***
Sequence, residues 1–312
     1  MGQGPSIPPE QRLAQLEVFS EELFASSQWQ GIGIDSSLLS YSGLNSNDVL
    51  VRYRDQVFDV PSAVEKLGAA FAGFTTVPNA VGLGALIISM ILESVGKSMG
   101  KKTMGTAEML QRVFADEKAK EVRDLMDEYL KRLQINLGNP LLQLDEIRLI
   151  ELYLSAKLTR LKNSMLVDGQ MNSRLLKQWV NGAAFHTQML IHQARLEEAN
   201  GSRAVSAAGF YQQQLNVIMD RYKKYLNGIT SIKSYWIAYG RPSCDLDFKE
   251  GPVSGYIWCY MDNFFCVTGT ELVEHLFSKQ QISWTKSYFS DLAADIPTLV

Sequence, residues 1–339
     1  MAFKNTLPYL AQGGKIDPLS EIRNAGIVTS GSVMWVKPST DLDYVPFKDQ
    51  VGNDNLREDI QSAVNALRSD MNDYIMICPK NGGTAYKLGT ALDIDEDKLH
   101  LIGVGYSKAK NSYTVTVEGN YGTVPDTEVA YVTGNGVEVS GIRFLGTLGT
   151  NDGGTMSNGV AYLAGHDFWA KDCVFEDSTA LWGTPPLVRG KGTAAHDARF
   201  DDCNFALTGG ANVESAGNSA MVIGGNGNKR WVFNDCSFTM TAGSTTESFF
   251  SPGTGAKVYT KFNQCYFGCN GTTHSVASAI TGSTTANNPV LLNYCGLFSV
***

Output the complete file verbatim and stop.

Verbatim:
Sequence, residues 1–312
     1  MGQGPSIPPE QRLAQLEVFS EELFASSQWQ GIGIDSSLLS YSGLNSNDVL
    51  VRYRDQVFDV PSAVEKLGAA FAGFTTVPNA VGLGALIISM ILESVGKSMG
   101  KKTMGTAEML QRVFADEKAK EVRDLMDEYL KRLQINLGNP LLQLDEIRLI
   151  ELYLSAKLTR LKNSMLVDGQ MNSRLLKQWV NGAAFHTQML IHQARLEEAN
   201  GSRAVSAAGF YQQQLNVIMD RYKKYLNGIT SIKSYWIAYG RPSCDLDFKE
   251  GPVSGYIWCY MDNFFCVTGT ELVEHLFSKQ QISWTKSYFS DLAADIPTLV

Sequence, residues 1–339
     1  MAFKNTLPYL AQGGKIDPLS EIRNAGIVTS GSVMWVKPST DLDYVPFKDQ
    51  VGNDNLREDI QSAVNALRSD MNDYIMICPK NGGTAYKLGT ALDIDEDKLH
   101  LIGVGYSKAK NSYTVTVEGN YGTVPDTEVA YVTGNGVEVS GIRFLGTLGT
   151  NDGGTMSNGV AYLAGHDFWA KDCVFEDSTA LWGTPPLVRG KGTAAHDARF
   201  DDCNFALTGG ANVESAGNSA MVIGGNGNKR WVFNDCSFTM TAGSTTESFF
   251  SPGTGAKVYT KFNQCYFGCN GTTHSVASAI TGSTTANNPV LLNYCGLFSV